The Atheists Are At It Again, The Liberal Judges Pushing Them Along
Michael Newdow, atheists and anti-religious activist who seeks to advance his religion by prohibiting you from practicing yours anywhere except in the confines of a church or the corner of your basement has just pulled a another victory with a liberal federal judge in California, who agreed that the words "under God" in the Pledge of Allegiance constitute a state endorsement of religion.
The it's on to the 9th "Circus" Court of Appeals which previously agreed with Newdow and struck the words. I expect nothing less than another win for him.
The real battle remains the Supreme Court. Hopefully we will be dealing with a slightly more conservative court by then, having replaced Justice O'Connor with a more conservative Justice. Newdow will be dead on arrival. But this is beside the point.
Newdow isn't going to stop here. He isn't worried about the Pledge. He's worried about your religion offending his irreligion. The First Amendment prevents the State from endorsing a state religion (i.e. state church) and from prohibiting the free exercise of religion. The state cannot pass a law requiring church membership or attendance, just as it cannot pass a law prohibiting them. It cannot favor the Methodists over the Pentecostals, or confer greater rights to one group over another. But just the mention of "God" nowadays is taboo, because the rare atheist may be uncomfortable.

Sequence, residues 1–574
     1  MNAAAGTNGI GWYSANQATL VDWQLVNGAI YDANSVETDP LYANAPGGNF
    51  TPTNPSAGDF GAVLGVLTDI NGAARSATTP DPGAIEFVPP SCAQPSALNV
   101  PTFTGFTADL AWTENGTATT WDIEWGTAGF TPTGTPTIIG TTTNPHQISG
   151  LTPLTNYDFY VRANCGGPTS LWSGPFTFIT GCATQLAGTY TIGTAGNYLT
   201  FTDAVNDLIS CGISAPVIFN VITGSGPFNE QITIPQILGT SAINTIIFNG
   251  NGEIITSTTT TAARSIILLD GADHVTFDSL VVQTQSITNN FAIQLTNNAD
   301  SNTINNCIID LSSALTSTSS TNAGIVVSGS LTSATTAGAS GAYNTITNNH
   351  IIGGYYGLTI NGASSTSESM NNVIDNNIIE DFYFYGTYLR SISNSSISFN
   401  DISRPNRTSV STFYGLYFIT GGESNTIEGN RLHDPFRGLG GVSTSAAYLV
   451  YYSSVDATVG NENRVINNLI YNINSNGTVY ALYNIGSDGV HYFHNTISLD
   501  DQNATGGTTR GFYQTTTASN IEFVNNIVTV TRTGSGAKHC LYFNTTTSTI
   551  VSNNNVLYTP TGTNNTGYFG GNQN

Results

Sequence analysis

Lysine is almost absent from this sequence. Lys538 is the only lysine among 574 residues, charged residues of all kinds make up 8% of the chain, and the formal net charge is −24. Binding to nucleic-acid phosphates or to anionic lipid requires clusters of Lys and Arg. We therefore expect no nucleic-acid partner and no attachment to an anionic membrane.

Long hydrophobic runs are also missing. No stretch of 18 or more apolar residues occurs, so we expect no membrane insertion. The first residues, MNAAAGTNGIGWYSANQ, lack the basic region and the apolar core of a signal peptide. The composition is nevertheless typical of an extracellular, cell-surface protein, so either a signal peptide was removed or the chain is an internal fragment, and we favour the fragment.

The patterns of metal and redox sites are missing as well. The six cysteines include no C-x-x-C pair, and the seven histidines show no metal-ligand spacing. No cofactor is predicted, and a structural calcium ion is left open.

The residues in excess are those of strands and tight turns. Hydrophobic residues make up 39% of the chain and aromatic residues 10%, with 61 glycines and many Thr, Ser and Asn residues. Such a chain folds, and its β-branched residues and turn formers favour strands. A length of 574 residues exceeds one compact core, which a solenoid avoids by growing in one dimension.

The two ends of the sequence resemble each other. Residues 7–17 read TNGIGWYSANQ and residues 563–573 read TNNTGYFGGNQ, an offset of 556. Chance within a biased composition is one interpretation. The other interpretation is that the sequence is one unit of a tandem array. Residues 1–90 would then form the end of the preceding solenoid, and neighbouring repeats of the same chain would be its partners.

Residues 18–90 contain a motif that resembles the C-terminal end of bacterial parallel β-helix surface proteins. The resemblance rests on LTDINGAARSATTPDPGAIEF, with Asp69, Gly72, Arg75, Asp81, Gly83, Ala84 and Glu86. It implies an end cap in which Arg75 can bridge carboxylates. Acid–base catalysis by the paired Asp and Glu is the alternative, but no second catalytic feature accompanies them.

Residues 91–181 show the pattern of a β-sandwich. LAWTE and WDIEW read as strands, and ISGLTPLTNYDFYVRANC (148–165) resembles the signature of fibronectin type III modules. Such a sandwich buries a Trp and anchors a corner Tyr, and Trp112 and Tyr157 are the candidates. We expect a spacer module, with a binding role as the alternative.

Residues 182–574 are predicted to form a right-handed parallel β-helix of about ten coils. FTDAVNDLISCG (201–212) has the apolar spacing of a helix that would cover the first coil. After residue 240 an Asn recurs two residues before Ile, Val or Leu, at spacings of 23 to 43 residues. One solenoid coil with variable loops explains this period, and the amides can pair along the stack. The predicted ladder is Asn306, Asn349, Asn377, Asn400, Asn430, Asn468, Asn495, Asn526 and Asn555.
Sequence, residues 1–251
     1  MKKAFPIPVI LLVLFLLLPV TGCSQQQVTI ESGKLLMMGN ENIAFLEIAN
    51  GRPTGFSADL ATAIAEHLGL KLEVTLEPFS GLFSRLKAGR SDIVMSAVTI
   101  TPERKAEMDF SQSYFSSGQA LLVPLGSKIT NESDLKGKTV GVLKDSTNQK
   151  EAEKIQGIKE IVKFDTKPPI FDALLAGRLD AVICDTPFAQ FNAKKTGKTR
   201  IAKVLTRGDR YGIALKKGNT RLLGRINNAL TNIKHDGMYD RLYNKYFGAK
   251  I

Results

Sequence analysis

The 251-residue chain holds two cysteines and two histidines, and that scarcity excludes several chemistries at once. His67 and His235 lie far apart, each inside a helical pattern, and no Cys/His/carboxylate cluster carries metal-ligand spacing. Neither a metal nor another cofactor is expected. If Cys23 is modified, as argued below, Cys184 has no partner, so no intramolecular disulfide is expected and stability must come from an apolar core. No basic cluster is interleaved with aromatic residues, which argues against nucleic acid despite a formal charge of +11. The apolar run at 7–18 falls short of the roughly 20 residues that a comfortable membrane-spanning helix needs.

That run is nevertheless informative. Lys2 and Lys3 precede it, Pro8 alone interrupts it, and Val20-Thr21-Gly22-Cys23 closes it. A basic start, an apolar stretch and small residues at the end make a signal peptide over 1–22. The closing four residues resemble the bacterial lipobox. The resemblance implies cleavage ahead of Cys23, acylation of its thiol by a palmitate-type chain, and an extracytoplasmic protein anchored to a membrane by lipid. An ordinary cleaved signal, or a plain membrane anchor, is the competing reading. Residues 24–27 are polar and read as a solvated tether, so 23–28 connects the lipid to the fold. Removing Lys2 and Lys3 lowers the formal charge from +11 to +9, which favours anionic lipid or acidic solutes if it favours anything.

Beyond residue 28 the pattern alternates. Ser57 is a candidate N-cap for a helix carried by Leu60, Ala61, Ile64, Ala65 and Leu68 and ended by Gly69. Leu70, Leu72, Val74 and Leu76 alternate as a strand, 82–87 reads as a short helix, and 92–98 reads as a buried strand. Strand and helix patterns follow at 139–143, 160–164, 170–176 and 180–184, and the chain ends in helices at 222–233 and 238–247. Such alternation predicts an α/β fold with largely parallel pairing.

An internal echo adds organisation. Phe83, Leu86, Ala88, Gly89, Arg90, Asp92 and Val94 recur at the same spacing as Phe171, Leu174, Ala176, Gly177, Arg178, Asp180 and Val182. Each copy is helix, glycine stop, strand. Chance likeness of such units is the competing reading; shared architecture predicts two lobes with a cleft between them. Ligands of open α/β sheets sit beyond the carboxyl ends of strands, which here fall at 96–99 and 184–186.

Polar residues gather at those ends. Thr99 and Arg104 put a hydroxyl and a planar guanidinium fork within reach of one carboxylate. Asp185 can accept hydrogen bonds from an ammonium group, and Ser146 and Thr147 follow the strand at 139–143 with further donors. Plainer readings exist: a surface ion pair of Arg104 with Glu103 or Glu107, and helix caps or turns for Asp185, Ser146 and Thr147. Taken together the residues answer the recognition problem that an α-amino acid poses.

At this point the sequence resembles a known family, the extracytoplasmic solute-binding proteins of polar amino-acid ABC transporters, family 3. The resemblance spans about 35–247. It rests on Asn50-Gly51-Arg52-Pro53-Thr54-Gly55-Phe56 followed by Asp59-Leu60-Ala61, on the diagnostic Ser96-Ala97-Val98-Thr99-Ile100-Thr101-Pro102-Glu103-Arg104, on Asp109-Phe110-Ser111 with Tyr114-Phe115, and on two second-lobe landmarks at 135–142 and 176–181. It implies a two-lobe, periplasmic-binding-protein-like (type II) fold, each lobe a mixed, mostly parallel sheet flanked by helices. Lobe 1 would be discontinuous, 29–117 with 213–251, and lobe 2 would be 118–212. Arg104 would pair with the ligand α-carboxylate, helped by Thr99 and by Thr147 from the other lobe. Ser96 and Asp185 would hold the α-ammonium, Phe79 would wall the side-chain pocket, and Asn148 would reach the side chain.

But the atheist is no more Constitutionally protected from subjective emotional discomfort by differing religious viewpoints than one is protected from having their political sensibilities offended by having disagreeing political viewpoints censored by the state. But interestingly, these two issues stem from the same Amendment. We are protected from being denied the right to worship (or not worship) as we choose. We are not protected from getting our feelings hurt, and the state can play no role in putting us in a happy safe little bubble that protects us from ideas we don't like.
But tell that to Michael Newdow and the judges who pass his political agenda for him.